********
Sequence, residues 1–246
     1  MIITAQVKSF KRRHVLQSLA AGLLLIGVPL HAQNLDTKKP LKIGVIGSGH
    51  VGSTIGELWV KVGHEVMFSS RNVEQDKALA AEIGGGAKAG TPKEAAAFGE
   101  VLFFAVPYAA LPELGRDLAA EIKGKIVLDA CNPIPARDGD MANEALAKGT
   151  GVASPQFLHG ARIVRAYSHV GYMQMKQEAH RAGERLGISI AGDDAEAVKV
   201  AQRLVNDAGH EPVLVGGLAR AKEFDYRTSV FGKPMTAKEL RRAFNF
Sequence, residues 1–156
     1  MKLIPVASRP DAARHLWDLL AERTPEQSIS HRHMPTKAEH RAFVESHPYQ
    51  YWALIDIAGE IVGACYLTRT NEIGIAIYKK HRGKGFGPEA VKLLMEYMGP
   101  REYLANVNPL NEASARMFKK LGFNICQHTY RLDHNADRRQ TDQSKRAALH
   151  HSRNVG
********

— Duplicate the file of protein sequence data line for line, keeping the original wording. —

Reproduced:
Sequence, residues 1–246
     1  MIITAQVKSF KRRHVLQSLA AGLLLIGVPL HAQNLDTKKP LKIGVIGSGH
    51  VGSTIGELWV KVGHEVMFSS RNVEQDKALA AEIGGGAKAG TPKEAAAFGE
   101  VLFFAVPYAA LPELGRDLAA EIKGKIVLDA CNPIPARDGD MANEALAKGT
   151  GVASPQFLHG ARIVRAYSHV GYMQMKQEAH RAGERLGISI AGDDAEAVKV
   201  AQRLVNDAGH EPVLVGGLAR AKEFDYRTSV FGKPMTAKEL RRAFNF
Sequence, residues 1–156
     1  MKLIPVASRP DAARHLWDLL AERTPEQSIS HRHMPTKAEH RAFVESHPYQ
    51  YWALIDIAGE IVGACYLTRT NEIGIAIYKK HRGKGFGPEA VKLLMEYMGP
   101  REYLANVNPL NEASARMFKK LGFNICQHTY RLDHNADRRQ TDQSKRAALH
   151  HSRNVG